Gary Herb is acting angry. His eyes flash fire and he marches from the stage at the Waaay Off Broadway down into the audience, trailing his microphone on a long cord. A woman in the audience has just telegraphed the punch-line of one of his "jokettes." He stalks to her table and towers over like a Druid intent on human sacrifice.

"What is your name?"


"Do you know any more jokes, Linda? Tell me a joke I haven't heard -- and it had better be funny."

Linda reaches out a hand placatingly to touch this sensitive man whom she has offended, and he cuts her off with a mock-curt sentence:

"Unh-unh, Linda -- I'm not into broads."

Herb (the bearded one) is one-third of Gotham, a gay trio that has been delivering song-dance-and-raunchy-joke routines for 6-1/2 years now and has become a Washington fixture for several months each year -- usually at the Waaay Off Broadway, but also at the Cellar Door and even in the Kennedy Center Concert Hall.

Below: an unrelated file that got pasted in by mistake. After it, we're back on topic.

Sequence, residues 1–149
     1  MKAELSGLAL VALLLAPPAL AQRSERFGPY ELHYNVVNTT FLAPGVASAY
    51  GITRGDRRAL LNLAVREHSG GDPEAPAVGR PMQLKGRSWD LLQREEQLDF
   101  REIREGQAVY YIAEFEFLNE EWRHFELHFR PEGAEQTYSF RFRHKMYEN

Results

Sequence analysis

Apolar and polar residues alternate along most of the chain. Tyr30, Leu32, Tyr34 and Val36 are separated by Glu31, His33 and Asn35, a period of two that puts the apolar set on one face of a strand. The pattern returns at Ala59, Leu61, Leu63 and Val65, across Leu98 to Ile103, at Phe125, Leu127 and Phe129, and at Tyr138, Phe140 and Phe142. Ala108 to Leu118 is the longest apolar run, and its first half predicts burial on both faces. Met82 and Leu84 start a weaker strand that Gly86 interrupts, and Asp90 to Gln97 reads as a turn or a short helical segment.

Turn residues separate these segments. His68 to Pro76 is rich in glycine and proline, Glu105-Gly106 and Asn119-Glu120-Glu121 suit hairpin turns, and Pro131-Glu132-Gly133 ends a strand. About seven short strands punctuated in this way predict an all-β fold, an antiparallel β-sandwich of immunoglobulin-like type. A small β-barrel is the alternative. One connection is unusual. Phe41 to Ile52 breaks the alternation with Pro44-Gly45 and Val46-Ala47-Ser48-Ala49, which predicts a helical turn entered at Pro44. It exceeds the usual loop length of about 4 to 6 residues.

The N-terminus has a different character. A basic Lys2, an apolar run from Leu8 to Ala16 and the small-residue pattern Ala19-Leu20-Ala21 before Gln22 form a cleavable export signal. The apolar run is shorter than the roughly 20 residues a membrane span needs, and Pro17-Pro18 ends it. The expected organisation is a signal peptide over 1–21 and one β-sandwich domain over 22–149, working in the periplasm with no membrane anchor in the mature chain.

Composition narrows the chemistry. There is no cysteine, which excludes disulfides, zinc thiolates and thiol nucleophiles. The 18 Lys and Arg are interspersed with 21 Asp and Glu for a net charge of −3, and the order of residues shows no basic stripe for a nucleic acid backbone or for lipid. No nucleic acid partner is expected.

Linda is a part of the group's new straight audience that has slowly been growing ("married couples from Bowie" is how Gotham describes them) until they now constitute a substantial majority.

A few years ago, straights used to come in relatively small numbers to be gently insulted."Are there any straight people here?" a member of the trio would ask. A few timid hands would go up, and they would be praised for their courage, ridiculed for the "funny" way they walk, and grudgingly accepted because, "where would we be without them?" Now, they come because they have learned that there is nothing else quite like an evening with Gotham.

Gotham was originally formed in New York by Herb and Michael Pace (the short one), who saw an opportunity to be paid regularly for being themselves and who plunged into the gay entertainment ghetto to do so. David McDaniel (the tall, quiet one who often serves as a straight man for the other two) joined the group in response to an ad for "the deepest voice in New York City."

Now all three are in their late 20s and, if they have not exactly broken out of the gay ghetto, they have helped to enlarge it beyond recognition. "A few years ago," says Herb, "it became chic to go to gay bars to see us -- like socialites going to Harlem in the '20s. Now, our audiences are more straight than gay."